The following are excerpts from the newsletter

September 20, 2012

  • Inappropriate use of pharmacy bulk packages of IV contrast media increases risk of infections

  • Safety Brief:  Oral acetylcysteine label needs improvement. The labels on vials of acetylcysteine solution, manufactured by Roxane Laboratories, indicate 10% or 20% (for inhalation or oral administration) but do not specify the mg per mL concentration anywhere on the label.

  •  Safety Brief: Errors with dosage cups for oral liquids.
    A child’s father purchased a store brand of diphenhydrAMINE liquid (12.5 mg/5 mL), which is sold with a dosage cup. The product label indicates that the dose for children under 6 years should be one or two teaspoons or 12.5 mg to 25 mg. However, the accompanying dosage cup is calibrated in mL and teaspoons only, not mg, prominently displaying 12.5 mL at about the halfway mark. The father missed the mL vs. mg distinction and nearly gave 12.5 mL (31.25 mg) of the medication to his son.

  • Worth Repeating: Is glacial acetic acid really needed at your hospital?
    A patient sustained severe burns and permanent scarring after glacial acetic acid (99.5%) was applied to her skin instead of a 5% acetic acid solution during a surgical procedure. The operating room (OR) pharmacy had received a verbal order to dispense a 5% solution of acetic acid. The pharmacy stocked a 500 mL bottle of acetic acid USP (glacial) packaged by Letco Medical. The strength of the solution was not readily seen on the label,and the pharmacist did not know what “glacial” meant or that the product wasn’t pre-diluted by the manufacturer.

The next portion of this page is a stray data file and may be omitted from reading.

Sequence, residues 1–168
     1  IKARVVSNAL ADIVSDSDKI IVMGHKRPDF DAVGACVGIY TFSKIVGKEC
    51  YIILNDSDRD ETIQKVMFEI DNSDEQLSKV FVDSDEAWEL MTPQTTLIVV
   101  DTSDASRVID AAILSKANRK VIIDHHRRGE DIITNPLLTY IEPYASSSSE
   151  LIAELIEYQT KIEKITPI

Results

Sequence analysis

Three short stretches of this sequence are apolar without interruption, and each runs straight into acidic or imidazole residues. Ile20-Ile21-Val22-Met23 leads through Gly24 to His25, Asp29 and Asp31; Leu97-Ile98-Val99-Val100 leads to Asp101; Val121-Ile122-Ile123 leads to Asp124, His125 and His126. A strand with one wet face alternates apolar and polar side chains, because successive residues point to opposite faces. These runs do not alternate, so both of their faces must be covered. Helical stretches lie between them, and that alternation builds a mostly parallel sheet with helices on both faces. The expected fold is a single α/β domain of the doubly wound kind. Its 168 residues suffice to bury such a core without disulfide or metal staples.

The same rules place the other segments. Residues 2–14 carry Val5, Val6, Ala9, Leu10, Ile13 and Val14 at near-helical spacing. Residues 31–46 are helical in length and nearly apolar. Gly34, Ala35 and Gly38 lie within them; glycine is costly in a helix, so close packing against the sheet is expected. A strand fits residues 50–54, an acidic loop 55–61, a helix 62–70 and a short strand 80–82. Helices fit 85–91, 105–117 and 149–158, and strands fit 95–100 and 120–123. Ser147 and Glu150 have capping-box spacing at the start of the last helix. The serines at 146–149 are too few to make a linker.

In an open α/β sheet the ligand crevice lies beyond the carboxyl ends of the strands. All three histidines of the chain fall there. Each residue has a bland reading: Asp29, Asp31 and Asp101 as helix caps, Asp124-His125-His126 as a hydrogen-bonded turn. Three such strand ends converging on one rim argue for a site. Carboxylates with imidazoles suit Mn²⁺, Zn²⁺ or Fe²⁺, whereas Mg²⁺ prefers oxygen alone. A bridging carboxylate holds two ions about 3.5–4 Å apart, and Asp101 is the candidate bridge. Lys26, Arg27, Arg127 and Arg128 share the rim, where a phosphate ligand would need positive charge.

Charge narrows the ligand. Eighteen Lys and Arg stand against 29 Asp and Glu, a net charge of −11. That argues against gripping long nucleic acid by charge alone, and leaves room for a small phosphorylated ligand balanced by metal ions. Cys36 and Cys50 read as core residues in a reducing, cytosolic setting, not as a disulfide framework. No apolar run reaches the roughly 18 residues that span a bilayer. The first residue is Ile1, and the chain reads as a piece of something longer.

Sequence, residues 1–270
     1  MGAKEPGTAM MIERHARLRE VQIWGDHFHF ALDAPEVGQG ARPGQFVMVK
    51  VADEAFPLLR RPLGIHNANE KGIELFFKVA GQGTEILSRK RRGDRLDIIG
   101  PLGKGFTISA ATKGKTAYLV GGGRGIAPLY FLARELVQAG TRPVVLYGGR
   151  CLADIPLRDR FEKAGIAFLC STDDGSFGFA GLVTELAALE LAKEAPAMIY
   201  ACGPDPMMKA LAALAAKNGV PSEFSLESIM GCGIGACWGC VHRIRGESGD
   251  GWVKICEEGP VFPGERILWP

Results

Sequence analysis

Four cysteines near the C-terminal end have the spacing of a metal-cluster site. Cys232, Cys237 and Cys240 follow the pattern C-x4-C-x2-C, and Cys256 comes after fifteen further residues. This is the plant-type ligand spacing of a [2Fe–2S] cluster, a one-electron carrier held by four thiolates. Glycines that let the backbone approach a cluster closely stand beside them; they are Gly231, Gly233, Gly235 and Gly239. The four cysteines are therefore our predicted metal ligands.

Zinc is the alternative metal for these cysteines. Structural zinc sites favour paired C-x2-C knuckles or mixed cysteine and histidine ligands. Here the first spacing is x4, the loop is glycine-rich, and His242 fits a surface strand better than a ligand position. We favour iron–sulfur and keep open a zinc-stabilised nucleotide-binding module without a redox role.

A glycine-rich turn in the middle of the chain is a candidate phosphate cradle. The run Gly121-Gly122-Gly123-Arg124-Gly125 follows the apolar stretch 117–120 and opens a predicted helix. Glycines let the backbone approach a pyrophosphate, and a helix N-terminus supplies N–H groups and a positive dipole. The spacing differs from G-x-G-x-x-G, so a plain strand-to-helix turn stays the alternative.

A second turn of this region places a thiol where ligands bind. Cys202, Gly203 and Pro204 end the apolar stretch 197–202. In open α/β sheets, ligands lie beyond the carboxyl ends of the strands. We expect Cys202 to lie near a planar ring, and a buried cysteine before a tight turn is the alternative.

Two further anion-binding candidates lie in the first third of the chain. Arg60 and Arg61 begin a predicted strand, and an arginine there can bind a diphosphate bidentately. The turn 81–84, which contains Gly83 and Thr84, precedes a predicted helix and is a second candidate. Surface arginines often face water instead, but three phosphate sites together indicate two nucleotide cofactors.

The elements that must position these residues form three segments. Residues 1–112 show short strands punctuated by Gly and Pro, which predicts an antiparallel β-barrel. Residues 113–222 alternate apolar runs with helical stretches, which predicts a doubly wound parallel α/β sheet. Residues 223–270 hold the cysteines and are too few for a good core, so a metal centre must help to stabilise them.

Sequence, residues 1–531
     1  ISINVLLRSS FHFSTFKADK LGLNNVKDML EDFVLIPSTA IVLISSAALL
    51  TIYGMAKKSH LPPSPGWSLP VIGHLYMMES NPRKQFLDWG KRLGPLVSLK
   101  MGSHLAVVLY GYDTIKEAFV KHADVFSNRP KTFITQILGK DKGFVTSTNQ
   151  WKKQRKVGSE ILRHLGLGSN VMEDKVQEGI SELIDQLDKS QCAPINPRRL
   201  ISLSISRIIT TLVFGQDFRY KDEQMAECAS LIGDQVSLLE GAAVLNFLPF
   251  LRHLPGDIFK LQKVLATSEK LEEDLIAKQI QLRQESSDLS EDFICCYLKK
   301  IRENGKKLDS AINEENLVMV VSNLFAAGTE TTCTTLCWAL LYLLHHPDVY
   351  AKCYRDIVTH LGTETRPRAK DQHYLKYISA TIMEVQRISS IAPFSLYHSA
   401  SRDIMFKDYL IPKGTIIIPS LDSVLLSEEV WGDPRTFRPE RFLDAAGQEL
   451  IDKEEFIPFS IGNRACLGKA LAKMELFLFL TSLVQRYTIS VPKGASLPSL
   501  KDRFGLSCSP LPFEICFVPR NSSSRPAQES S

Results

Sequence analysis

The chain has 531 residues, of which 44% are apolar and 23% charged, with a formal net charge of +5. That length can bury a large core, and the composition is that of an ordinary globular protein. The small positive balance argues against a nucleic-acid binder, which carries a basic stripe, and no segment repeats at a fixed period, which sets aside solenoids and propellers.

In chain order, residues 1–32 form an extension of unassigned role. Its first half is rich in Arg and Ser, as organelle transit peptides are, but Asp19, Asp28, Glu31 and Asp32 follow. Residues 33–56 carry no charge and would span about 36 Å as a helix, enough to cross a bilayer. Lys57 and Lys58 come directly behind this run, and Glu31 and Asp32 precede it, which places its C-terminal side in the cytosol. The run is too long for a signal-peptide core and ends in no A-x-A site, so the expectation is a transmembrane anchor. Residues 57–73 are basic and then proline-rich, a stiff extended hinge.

• Safety Brief: Providing patients with unused medications at discharge.
    A diabetic patient was given both the NOVOLOG and LANTUS insulin pens that were used for his care during hospitalization to take home despite the NovoLOG being discontinued at discharge. The next evening, the patient’s wife called 911 after she was unable to awaken her husband, who was sweating.

  • Safety Brief: Is it insulin or heparin? 
    We recently learned about an at-risk behavior in which nurses were intentionally drawing heparin into an insulin syringe because they did not have a syringe with a 25 gauge needle to use for subcutaneous heparin injections.

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